All Choked Up At The Movies

Ron Nagasawa
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Wednesday - April 02, 2008
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Ron Nagasawa is on vacation. This column was originally published on Feb. 2, 2000.

As the father of a 10-year-old boy and a 2-year-old girl, I often feel like the time I’ll have to spend with them before they grow up is like my paycheck - gone before I realize it’s missing. That’s why my wife and I do everything with our kids, whether they like it or not.

As our son approaches the preadolescent years, I’m concerned that our activities together will start to fall more under the “like it not” category. Still we’re a close family and it’ll probably stay that way as long as I don’t try too hard to be “phat” around my kids.

In my case, that’s a lot easier said than done. The other weekend, we decided to take in a movie. Since we have have the 2-year-old, the probability that the movie we chose would captivate my cinematic needs was nearly zero. In other words, I was going just so I could have buttered popcorn.

We had gotten to our seats about 10 minutes early. What that means is that by the time the movie starts, most of my popcorn is going to be ancient history. By the opening credits, I had nearly eaten half my box of popcorn.

That was when I became aware that the shell from a popcorn kernel was stuck on the side wall in the back of my throat. I spent the next 20 minutes trying to dislodge it by making my tongue do a U-turn in my mouth to brush the kernel loose.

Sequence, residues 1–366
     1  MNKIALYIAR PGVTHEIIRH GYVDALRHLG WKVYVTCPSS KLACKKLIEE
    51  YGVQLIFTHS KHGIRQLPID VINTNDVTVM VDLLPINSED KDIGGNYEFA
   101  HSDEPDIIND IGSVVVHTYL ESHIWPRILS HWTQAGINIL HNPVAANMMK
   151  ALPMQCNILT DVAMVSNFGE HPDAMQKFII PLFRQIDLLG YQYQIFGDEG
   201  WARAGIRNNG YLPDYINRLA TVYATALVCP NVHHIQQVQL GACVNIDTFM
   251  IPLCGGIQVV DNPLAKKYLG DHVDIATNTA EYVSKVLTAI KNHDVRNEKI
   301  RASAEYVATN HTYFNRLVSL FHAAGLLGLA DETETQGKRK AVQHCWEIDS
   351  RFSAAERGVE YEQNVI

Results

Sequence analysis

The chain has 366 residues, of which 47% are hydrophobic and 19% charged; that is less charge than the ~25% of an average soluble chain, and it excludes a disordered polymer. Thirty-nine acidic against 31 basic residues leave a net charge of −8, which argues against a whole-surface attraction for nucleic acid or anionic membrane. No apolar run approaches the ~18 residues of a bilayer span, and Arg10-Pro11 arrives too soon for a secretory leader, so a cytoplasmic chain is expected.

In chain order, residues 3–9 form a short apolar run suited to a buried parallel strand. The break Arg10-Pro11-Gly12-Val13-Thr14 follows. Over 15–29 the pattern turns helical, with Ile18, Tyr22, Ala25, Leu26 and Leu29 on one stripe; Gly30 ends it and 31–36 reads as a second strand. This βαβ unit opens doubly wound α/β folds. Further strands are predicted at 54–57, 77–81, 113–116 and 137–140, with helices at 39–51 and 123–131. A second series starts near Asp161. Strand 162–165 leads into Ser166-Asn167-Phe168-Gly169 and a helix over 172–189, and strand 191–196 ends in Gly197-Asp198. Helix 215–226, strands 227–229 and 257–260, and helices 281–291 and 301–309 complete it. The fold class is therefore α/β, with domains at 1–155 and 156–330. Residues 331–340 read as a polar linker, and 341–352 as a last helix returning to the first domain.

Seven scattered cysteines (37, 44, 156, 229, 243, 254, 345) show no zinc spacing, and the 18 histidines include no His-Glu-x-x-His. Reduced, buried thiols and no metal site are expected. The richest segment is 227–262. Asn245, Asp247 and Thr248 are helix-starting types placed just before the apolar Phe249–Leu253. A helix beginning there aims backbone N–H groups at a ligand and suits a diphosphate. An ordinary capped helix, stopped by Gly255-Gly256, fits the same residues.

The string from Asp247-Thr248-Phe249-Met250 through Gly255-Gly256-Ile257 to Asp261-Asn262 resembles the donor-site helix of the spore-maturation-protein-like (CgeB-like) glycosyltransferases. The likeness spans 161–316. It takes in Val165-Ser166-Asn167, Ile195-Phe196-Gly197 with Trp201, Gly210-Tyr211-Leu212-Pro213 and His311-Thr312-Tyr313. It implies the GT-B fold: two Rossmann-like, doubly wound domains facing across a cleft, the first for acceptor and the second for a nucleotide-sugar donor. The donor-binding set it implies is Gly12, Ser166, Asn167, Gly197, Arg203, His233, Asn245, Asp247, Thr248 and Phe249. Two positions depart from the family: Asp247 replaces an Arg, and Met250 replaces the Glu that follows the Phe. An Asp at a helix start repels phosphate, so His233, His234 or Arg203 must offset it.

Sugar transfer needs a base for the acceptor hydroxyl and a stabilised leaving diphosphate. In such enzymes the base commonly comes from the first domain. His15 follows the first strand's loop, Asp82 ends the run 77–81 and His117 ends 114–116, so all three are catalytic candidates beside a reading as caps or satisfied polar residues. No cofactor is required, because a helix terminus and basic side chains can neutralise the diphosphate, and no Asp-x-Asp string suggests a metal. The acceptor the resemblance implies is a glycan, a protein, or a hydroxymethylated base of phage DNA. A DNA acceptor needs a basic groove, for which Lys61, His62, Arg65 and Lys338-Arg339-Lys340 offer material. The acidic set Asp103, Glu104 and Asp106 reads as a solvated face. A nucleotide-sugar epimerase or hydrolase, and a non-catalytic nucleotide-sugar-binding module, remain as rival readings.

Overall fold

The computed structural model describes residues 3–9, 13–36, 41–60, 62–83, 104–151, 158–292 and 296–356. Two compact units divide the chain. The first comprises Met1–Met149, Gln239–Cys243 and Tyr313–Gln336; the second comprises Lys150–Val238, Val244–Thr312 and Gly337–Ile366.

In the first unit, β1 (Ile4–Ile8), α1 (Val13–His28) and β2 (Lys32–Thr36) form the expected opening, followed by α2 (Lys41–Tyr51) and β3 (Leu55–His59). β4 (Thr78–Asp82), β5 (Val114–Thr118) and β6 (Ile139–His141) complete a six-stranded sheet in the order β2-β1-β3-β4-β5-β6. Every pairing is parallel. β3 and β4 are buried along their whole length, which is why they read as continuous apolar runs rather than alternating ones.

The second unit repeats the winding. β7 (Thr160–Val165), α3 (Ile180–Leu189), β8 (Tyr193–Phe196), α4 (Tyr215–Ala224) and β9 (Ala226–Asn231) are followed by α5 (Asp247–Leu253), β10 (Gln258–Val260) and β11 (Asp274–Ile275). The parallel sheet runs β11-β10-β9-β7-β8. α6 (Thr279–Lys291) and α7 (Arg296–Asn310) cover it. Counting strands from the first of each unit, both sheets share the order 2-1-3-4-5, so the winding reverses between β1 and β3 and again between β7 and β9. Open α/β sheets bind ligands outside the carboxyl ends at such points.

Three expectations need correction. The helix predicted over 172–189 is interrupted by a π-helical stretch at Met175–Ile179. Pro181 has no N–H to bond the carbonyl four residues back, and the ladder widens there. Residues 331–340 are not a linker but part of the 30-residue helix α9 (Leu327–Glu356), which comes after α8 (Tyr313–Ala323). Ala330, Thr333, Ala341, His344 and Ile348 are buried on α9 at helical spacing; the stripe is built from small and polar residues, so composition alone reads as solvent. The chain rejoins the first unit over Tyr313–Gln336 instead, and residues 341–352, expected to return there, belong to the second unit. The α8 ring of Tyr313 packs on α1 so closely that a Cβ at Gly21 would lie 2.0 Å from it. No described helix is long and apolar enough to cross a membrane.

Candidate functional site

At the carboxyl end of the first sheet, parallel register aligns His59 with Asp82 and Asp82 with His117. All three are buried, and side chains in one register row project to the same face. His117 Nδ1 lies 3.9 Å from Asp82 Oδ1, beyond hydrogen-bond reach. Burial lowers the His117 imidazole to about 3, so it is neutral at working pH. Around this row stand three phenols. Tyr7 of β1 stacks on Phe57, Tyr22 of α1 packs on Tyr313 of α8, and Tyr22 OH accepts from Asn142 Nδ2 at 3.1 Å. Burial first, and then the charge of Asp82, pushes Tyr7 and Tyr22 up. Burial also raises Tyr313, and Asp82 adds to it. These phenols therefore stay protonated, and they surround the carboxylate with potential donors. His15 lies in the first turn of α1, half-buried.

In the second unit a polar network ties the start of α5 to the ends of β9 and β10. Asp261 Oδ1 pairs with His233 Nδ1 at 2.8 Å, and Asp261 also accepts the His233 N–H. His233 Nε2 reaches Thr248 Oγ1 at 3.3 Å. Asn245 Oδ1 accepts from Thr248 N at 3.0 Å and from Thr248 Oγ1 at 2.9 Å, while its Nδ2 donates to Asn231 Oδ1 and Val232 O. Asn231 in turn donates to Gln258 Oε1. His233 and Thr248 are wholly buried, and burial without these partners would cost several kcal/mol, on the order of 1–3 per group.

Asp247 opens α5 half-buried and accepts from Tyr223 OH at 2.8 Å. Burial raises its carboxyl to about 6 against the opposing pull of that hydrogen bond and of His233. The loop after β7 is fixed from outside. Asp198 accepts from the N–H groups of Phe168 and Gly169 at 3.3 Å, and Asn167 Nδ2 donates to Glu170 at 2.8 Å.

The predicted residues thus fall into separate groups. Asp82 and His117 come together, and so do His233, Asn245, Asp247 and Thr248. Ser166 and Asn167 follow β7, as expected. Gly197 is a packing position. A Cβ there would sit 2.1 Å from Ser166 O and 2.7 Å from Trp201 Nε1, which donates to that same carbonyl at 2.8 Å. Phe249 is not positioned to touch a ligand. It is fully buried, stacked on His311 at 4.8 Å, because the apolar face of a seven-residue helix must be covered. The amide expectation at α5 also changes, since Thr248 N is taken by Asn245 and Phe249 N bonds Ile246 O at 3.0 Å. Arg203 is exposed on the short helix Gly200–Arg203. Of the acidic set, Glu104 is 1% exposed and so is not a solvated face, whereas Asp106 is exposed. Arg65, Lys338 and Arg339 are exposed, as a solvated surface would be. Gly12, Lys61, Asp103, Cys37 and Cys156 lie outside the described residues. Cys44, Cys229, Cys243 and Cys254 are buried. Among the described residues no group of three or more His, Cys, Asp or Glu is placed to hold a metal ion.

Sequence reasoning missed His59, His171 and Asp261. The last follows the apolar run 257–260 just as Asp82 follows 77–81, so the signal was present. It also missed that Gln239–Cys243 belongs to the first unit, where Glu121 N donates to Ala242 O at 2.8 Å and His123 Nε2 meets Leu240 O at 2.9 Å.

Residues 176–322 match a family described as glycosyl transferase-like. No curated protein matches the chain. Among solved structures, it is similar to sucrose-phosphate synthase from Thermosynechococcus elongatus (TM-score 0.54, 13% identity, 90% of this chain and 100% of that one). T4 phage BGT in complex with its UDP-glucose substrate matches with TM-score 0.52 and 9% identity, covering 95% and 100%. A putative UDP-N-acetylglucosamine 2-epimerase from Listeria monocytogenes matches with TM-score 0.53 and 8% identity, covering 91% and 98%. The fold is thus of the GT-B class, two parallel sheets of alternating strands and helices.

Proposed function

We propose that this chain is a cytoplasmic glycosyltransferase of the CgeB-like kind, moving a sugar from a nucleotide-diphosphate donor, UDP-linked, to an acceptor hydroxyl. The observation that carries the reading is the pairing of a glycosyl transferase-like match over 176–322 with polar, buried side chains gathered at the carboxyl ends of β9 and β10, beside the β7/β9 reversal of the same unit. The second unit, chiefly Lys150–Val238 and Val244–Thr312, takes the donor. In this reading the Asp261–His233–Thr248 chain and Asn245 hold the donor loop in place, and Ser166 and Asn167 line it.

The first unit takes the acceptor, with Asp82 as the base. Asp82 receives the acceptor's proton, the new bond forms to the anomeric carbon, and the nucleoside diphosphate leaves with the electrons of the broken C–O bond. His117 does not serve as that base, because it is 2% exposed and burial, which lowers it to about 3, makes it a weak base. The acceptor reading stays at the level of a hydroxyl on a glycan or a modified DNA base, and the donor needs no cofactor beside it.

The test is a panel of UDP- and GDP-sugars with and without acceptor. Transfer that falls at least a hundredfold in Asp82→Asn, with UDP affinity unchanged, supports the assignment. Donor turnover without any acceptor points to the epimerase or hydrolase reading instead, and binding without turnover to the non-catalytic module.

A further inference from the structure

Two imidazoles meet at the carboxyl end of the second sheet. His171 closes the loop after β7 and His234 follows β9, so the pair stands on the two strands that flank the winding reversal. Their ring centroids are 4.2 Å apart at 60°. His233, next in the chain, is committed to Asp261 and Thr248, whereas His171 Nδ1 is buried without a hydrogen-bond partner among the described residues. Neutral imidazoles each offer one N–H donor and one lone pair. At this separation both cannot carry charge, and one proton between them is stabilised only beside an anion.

I tried to wash it down with a soda, but to no avail. I thought I could ignore it, but that was like trying to ignore Masashimaru sitting on your lap. After an hour, my strategy was to forcefully exhale and use my breath to blow the kernel free from my throat.

The problem with that was I sounded like a cat trying to hack up a giant hairball. After a few minutes of this, I started getting “shushed” by the surrounding movie patrons. I noticed my son was starting to slink lower and lower in his seat.

Through some small miracle, just as the movie ended, I was able to remove the popcorn kernel. In an attempt to salvage the family outing, I feigned satisfaction, “Boy, wasn’t that movie great?”

Our son politely replied, “Dad, the next time we want to watch a movie, can we just rent a video?”


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